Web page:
Effects of Tetraethyl Lead on Catalyst Life and Efficiency in Customer Type Vehicle Operation 690016
Effects of four levels of tetraethyl lead (TEL) on the efficiency and life of a commercially available hydrocarbon and carbon monoxide catalyst were investigated. The four fuels used in mileage accumulation were the base Indolene with no added lead and blends containing respectively 0.5, 1.5, and 3.0 ml TEL/gal. The vehicles were eight Fords equipped with 289-CID non-emission-controlled 2-V engines unmodified, except for a lean carburetor and the catalytic exhaust system. The eight vehicles were paired off, and each pair was operated on one of the four fuel blends. In each pair, a radial flow converter, which required no supplemental air, was located under the front seat in one vehicle and near the rear axle in the other vehicle.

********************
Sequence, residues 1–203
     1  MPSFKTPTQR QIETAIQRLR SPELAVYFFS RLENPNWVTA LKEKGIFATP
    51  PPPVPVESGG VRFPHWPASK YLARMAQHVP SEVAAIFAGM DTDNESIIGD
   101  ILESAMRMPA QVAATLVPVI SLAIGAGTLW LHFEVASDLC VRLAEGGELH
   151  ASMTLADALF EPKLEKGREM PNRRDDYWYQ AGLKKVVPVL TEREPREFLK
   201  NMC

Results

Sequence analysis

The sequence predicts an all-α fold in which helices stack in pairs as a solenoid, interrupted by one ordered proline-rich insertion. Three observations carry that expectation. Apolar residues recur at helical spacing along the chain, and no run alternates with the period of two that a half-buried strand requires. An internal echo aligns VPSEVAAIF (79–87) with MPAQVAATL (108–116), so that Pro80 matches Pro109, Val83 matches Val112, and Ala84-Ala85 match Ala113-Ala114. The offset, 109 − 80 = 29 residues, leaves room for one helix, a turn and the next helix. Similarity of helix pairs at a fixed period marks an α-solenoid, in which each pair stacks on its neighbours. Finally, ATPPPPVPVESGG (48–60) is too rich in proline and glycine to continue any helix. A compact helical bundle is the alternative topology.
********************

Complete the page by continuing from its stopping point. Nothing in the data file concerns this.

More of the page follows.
Exhaust emissions were monitored at approximately 3000-mile intervals during accumulation of 18,000 miles in customer-type service. TEL in the fuel adversely affected the rate of warm-up, the ability of the catalyst to remove hydrocarbons from the exhaust, and accentuated the differences in the performance between front and rear converters as mileage was accumulated. On nonleaded fuel, the catalyst performed well in preferentially removing olefins and aromatic hydrocarbons to yield an exhaust of very low reactivity, until problems were encountered with losses of catalyst. The catalyst removed CO, aliphatic aldehydes, and acetylenes equally well on leaded or nonleaded fuel.